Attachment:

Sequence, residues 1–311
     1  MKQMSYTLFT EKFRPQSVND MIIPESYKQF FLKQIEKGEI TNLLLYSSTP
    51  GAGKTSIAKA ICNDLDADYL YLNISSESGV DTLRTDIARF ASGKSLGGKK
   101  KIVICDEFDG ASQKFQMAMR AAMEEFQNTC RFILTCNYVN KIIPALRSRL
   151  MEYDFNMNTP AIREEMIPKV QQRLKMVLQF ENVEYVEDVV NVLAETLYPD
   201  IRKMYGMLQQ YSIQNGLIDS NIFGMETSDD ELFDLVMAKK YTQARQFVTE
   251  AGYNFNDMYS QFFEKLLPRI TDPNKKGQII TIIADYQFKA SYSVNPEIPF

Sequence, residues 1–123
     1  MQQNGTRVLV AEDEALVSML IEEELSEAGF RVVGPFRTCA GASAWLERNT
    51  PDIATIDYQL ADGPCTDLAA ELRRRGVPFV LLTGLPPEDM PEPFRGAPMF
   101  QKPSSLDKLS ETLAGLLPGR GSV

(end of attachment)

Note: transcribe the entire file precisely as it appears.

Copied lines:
Sequence, residues 1–311
     1  MKQMSYTLFT EKFRPQSVND MIIPESYKQF FLKQIEKGEI TNLLLYSSTP
    51  GAGKTSIAKA ICNDLDADYL YLNISSESGV DTLRTDIARF ASGKSLGGKK
   101  KIVICDEFDG ASQKFQMAMR AAMEEFQNTC RFILTCNYVN KIIPALRSRL
   151  MEYDFNMNTP AIREEMIPKV QQRLKMVLQF ENVEYVEDVV NVLAETLYPD
   201  IRKMYGMLQQ YSIQNGLIDS NIFGMETSDD ELFDLVMAKK YTQARQFVTE
   251  AGYNFNDMYS QFFEKLLPRI TDPNKKGQII TIIADYQFKA SYSVNPEIPF

Sequence, residues 1–123
     1  MQQNGTRVLV AEDEALVSML IEEELSEAGF RVVGPFRTCA GASAWLERNT
    51  PDIATIDYQL ADGPCTDLAA ELRRRGVPFV LLTGLPPEDM PEPFRGAPMF
   101  QKPSSLDKLS ETLAGLLPGR GSV